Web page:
The work isn’t too grueling (planning, grading, e-mails, etc.), and it has helped to pay the bills. I’ve still been able to take trips/vacations, often staying up late in hotel rooms as the rest of my family slept. Lots of people have more difficult jobs and never get summers off, so I’ve always had the perspective that teaching over the summer was a First World problem. My father liked to tell the story of his uncle, a miner whose leg was sliced off by a mine car and who had to then tie his severed blood vessels together so that he wouldn’t bleed out before help arrived. Legend has it that, incredibly, he didn’t even get an infection. The story was believable enough to keep me from bitching about grading papers in July . . . most of the time.


But this summer is different. The stars have aligned in just the right way and, save for some year-round departmental duties, have given me the summer off. I’ve relished it for months, unsure of what I was going to do with so much time on my hands. So how have I spent it? Most of it ingloriously. I took care of a few household projects that I've put on hold for several months. I’ve taken more family bike rides and walks with my dog. We got season passes to Cedar Points, and it’s been fun to go on all the rides with our sons. I’ve also enjoyed shooting basketball in my driveway, pretending I’m sixteen again and that I don’t have to take ibuprofen to reduce the pain in my legs when I’m done. I considered starting a rec team of dudes over fifty, perhaps called The Sunbury Inflammation (kind of like the Miami Heat), but I thought better of it.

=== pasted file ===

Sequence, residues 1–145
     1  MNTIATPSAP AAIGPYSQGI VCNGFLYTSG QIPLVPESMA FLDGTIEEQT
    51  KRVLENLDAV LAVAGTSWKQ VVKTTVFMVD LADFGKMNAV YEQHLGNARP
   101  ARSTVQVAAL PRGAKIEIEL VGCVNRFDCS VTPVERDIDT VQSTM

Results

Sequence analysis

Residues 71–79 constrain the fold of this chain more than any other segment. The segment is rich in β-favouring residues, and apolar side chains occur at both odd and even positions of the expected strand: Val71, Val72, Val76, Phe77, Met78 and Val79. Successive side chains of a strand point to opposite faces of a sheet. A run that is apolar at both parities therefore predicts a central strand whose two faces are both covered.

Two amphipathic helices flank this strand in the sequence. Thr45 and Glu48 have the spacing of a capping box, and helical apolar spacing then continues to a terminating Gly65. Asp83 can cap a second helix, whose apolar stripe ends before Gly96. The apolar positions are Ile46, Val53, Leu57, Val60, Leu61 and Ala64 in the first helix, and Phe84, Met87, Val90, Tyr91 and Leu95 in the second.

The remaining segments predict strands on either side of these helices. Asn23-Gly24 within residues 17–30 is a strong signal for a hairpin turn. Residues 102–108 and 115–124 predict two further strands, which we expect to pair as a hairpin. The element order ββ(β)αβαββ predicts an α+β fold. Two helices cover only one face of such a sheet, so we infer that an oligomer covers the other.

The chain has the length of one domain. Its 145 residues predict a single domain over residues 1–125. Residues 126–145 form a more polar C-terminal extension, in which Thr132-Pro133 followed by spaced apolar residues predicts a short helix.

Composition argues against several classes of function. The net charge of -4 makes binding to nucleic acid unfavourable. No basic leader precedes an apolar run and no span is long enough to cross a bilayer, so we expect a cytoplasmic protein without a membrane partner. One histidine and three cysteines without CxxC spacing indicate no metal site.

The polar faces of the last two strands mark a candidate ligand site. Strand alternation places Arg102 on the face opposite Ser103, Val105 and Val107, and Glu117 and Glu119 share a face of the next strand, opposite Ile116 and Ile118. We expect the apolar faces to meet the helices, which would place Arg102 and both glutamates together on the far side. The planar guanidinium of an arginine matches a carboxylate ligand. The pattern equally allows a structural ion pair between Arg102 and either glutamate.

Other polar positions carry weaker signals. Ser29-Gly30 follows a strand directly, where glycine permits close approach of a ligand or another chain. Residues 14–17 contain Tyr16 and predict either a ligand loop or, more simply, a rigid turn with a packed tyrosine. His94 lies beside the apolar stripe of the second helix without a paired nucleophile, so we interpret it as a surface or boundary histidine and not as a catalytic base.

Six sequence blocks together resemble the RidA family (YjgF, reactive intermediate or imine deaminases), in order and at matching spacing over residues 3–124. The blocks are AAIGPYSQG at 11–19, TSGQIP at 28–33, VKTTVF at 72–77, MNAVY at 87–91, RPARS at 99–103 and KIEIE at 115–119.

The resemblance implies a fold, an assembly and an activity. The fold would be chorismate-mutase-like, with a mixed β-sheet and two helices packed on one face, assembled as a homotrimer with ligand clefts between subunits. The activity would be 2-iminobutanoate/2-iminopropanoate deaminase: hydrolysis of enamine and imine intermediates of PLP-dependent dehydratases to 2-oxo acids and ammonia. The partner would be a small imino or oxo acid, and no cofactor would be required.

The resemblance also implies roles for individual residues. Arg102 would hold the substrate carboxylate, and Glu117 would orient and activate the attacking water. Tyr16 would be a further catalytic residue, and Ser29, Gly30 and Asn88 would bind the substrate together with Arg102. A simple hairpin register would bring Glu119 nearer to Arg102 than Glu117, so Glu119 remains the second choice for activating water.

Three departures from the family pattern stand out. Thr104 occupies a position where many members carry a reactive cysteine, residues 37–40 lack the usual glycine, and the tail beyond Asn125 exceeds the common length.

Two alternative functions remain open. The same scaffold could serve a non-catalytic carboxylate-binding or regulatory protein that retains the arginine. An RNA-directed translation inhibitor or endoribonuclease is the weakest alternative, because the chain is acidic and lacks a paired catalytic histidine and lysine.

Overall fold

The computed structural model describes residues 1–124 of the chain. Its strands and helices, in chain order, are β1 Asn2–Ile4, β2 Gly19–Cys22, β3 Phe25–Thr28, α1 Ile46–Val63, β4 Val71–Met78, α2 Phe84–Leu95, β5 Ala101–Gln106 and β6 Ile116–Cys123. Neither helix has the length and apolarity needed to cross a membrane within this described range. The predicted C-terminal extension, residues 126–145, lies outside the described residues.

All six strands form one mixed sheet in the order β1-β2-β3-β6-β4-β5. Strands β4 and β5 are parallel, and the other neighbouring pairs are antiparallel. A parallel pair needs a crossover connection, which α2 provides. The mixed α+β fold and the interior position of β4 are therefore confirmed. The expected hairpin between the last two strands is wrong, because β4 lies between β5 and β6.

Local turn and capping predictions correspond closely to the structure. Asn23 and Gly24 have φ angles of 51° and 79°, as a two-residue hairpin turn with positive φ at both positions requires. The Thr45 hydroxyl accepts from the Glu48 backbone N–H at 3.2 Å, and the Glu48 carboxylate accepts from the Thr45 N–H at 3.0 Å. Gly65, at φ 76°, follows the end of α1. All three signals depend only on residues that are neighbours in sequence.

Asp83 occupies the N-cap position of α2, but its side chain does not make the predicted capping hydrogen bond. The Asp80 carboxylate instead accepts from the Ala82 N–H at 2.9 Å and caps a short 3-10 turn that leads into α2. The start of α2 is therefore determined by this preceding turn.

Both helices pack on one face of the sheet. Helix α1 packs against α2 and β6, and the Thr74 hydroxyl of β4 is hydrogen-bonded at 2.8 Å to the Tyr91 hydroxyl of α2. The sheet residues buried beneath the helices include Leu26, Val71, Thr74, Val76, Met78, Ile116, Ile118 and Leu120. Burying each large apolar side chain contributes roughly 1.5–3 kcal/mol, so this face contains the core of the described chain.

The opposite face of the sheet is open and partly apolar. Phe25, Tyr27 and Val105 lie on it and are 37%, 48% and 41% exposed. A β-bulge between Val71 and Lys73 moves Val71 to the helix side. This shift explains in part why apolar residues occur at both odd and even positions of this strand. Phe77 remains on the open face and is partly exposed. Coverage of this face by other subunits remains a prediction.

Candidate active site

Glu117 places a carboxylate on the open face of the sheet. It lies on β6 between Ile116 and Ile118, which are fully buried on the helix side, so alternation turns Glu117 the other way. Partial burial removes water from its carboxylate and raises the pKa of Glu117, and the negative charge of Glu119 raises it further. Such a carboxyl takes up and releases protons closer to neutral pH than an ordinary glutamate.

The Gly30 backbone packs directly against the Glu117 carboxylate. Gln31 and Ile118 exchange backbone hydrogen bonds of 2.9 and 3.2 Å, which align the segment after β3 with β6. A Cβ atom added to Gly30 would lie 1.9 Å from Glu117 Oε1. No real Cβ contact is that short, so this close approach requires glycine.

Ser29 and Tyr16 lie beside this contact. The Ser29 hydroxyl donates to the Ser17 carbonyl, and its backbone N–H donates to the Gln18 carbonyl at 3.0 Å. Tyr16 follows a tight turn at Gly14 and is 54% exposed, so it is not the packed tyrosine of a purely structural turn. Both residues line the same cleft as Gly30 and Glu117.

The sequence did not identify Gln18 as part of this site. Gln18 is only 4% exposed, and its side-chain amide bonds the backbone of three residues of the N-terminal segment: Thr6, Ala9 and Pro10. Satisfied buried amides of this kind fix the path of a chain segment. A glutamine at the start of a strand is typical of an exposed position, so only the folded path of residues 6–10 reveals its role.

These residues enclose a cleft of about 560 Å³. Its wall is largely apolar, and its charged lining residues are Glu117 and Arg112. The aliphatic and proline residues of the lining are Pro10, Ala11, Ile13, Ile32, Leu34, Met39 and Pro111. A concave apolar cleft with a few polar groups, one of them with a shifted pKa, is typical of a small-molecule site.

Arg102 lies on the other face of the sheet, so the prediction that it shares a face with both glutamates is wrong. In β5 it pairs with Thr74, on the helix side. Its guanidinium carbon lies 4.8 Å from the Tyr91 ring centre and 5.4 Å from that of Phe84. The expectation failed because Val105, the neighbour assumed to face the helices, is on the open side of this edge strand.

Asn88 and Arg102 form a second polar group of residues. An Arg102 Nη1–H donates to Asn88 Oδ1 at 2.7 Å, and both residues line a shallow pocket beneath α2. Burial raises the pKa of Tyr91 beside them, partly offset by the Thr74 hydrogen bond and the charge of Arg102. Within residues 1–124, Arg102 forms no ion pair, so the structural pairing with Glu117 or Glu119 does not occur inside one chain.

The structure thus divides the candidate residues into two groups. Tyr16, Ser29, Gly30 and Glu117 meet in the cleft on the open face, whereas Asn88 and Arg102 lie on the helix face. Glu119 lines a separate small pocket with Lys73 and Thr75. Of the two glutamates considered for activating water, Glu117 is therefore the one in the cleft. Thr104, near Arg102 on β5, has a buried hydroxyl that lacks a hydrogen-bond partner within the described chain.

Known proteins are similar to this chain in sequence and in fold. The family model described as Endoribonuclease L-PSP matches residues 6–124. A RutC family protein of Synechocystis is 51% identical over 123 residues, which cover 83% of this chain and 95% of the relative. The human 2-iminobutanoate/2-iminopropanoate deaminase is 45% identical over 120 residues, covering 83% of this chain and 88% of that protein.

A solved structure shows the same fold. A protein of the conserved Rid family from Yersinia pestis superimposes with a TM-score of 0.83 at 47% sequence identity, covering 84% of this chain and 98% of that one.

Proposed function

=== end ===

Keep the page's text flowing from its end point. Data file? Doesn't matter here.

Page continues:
I really felt like the entire coastline was friend-zoning me, until yesterday morning.

So my family decided to cap off the summer with a trip to the beach. I’ve always loved the ocean too and was really looking forward to the trip, but our visit was more painful than expected. Within my first two hours on the beach, I was stung by jellyfish three different times (and I’m assuming separate jellyfish, though I’m not ruling out a serial perpetrator). But even more painful than this, as I was checking out of the tourist-frequented grocery store, the cashier kindly gave me the senior citizens discount. She did this automatically, without ever asking my age. Although I immediately shaved off my salt-and-pepper stubble the moment I got back to my hotel room, the damage had been done. To compensate, I ran several miles in the middle of a heat advisory (temperature-humidity index around 103), just to make sure I didn’t have one foot in the grave.


I really felt like the entire coastline was friend-zoning me, until yesterday morning. For my wife’s birthday, we took an ocean tour to look for dolphins. Despite the fact that the tour operators told us that they hadn’t seen one all week, we saw dolphins . . . several dolphins, including a pup. It was very cool, watching them gracefully rolling in the waves just a few yards from the boat. I doubt that cows hold the same fascination with coastal dwellers when they travel inland.


“Look at how they just lay there, under the shade of that tree,” I can almost hear them say.


So we have a few more days here at the beach, then we’ll head home and my wife will start back to work on Monday morning. We’ll have a couple more weeks of quasi-summer, maybe one more trip up to Sandusky, and then we’ll all be back in school. I have no idea whether or not I’ll get next summer off. But I hope so.